Project dates: October 2011–December 2016
The Democratic Republic of the Congo (DRC) is the second largest country in Africa, with an area of 2,345,409 square kilometers and an estimated population of 85 million (National Institute of Statistics 2014). It is characterized by a fast-growing population (2.7% per year) and a fertility rate of 5.9 children per woman (WHO statistical profile 2012).
The country’s pharmaceutical challenges include:
- A growing number of illegal and uncontrolled pharmaceutical businesses
- Circulation of counterfeit and substandard medicines in the country
- Unreliable information systems, a shortage of trained and qualified personnel, and poor coordination of key stakeholders, resulting in poor availability of medicines in the country
Between October 2011 and December 31, 2016, SIAPS provided technical assistance to the Ministry of Health (MOH), Drug Regulatory Authority (DRA), National Medicine Supply Program (PNAM), national disease programs, and provincial health divisions (DPS) to improve the availability of medicines.
Governance and Leadership
- A Medicine Registration Committee was established that has streamlined the registration and regulation of medicines in DRC. The number of registered medicines increased from 200 in 2010 to more than 4,600 in December 2016.
- Of the medicines currently included in the National Essential Medicines List, 72% have at least one product registered, an increase from 44% in 2011 (figure 1).
- The number of days to process a new application decreased from 82 in 2013 to 58 in 2016.
- Therapeutic committees have been deployed at the provincial and hospital levels to ensure rational medicine use.
- Thirteen pharmaceutical management guidelines, lists, and SOPs were developed or updated and submitted for adoption, including:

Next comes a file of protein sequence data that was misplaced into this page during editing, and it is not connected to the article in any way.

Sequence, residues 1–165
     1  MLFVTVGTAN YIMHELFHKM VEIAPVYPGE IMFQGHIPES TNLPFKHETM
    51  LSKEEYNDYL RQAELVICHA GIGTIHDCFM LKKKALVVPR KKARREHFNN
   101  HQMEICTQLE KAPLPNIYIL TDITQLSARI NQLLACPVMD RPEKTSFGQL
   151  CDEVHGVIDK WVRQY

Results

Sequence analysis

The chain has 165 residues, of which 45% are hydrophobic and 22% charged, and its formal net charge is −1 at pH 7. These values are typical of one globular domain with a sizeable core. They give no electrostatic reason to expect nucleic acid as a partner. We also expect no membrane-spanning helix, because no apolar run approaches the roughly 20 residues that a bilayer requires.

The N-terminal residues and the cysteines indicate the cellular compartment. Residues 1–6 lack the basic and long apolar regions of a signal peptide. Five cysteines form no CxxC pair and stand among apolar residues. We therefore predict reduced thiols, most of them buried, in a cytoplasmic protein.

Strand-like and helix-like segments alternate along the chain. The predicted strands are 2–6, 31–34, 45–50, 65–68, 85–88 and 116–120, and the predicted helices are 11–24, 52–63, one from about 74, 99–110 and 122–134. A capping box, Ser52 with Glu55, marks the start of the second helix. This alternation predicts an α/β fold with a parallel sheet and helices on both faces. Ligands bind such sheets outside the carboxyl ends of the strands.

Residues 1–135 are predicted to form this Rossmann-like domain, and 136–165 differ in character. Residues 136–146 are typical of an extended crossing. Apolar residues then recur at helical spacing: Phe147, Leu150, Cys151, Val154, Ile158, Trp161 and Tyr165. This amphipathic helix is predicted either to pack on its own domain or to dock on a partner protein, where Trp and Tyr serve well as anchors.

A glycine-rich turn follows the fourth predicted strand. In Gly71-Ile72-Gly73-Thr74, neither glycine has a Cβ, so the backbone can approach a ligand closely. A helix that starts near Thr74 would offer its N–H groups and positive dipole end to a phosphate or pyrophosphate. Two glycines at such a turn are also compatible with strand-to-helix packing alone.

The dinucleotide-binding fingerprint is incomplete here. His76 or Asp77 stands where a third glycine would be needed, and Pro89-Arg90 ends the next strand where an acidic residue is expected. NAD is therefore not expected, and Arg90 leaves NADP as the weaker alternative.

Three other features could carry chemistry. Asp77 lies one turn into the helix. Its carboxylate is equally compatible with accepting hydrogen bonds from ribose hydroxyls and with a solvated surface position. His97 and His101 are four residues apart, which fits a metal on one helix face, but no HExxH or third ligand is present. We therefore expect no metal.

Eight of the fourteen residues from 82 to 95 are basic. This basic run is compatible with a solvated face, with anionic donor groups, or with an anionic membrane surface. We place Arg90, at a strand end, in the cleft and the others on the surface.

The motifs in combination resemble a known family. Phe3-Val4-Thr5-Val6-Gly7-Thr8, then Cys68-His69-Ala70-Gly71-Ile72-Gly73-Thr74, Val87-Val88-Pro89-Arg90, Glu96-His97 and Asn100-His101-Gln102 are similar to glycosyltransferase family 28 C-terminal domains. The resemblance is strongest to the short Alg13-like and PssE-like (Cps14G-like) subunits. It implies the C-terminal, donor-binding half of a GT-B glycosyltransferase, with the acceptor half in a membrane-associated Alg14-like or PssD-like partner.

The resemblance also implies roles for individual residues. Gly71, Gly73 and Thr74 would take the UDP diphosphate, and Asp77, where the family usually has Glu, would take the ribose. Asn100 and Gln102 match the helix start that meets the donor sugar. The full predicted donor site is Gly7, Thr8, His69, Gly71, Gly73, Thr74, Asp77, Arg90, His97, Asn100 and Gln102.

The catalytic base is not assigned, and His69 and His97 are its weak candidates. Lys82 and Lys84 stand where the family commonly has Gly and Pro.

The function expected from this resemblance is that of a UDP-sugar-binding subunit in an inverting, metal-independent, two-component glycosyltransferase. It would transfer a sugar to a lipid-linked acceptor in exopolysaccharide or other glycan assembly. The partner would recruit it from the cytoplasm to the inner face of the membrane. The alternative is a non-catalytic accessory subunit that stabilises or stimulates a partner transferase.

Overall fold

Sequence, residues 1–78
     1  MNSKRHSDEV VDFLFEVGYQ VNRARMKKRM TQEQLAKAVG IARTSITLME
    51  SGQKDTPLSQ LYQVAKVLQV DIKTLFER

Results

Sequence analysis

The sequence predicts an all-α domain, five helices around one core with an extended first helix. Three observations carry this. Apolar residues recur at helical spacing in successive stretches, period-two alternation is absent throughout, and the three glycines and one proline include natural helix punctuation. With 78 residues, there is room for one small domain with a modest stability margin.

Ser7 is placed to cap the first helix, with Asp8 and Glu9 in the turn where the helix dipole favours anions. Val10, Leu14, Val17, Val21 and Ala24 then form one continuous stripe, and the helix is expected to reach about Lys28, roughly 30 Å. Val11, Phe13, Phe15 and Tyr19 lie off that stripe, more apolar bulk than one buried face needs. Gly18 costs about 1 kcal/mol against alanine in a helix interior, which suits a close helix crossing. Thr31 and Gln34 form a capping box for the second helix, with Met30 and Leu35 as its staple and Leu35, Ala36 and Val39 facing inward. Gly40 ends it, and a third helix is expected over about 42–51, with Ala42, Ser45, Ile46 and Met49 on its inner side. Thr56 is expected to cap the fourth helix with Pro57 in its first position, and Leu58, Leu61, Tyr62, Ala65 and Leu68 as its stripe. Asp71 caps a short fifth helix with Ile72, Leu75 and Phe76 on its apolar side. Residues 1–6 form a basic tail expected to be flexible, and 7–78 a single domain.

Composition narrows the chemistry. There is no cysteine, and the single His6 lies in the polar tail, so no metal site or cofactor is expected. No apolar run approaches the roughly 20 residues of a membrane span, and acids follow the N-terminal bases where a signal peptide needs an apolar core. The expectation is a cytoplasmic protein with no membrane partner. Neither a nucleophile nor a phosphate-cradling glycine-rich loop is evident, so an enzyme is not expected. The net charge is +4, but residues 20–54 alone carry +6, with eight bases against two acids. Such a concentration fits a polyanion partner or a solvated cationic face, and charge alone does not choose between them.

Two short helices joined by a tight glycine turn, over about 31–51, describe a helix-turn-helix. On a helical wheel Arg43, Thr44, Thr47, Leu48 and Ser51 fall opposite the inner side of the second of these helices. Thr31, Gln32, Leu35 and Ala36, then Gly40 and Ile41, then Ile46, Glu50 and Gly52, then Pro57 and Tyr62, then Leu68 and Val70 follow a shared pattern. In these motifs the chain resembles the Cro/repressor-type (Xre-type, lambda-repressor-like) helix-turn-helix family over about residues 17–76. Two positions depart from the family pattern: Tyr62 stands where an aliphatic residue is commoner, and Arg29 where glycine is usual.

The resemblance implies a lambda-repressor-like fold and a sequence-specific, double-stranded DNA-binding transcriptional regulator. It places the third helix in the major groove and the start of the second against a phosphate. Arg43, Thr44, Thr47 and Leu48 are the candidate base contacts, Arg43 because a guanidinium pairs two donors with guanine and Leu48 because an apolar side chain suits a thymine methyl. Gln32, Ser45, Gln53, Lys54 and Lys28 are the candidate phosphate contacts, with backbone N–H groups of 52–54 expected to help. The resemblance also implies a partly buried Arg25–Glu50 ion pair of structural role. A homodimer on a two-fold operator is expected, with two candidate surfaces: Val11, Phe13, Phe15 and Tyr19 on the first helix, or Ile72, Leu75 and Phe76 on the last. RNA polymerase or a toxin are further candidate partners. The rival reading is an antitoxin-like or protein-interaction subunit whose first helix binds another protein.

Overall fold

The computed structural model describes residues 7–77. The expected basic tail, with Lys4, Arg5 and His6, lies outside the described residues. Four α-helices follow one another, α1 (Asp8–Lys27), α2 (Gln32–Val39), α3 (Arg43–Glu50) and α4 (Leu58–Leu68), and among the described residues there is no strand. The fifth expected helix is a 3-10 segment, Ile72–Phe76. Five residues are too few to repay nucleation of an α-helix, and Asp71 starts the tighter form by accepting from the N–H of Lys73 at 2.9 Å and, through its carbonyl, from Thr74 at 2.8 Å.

-The National Essential Medicine List
-Registered medicines directory
-Standards treatment guidelines
-Standards for the use of oxytocin, misoprostol, and chlorhexidine digluconate
-Maternal, newborn, and child health fact sheets
Stock Availability at the Facility Level
- By 2016, 75% of facilities used a standardized checklist to monitor storage conditions, an increase from 0% in December 2011.
- The percentage of SIAPS-supported health facilities and warehouses with stock-outs of a preselected group of medicines for three days or more in the previous three months decreased from 100% in December 2011 to 36% (health facilities) and 13% (warehouses) in July 2016.
- SIAPS assisted the Regional Procurement Association for Essential Medicines (ASRAMES), the largest warehouse in the eastern part of DRC, to meet the USAID/European Union prequalification standards. ASRAMES is used as a local supplier to address the long lead time needed when importing pharmaceutical products.
Institutionalizing a Training Curriculum to Meet Current Public Health Needs
- FOPS became the first training institution in DRC to have a strategic plan and is the only one that meets World Bank and other donor requirements for future funding.
Pharmaceutical Service Delivery
- The CNPV receives approximately 1,500 individual case safety reports per year with a completeness score (> 75%), which is well above the average score for other countries (50%).
- CNPV staff support the management of adverse events at the point of care.
During the five years of SIAPS, DRC has built the institutional and individual capacities of the DPM, PNAM, and CNPV; ensured appropriate preservice training for future pharmacy professionals; and strengthened the medicine distribution and data collection and reporting processes. The project succeeded in strengthening governance in the DRC pharmaceutical sector by enabling proper medicine registration at the DPM and producing a national list of registered medicines thereby improving the safety and availability of medicines, including antiretrovirals.
- Strengthening Regulatory Systems to Improve Access to Safe, Effective, and Quality Medicines
- Analysis of Bottlenecks Related to Demand, Supply, and Use of Antibiotics for the Treatment of Neonatal Sepsis in the DRC
- Implementing QuanTB to Improve Forecasting, Supply Planning, and Early Warning Systems for TB Medicines: Report
- Other Documents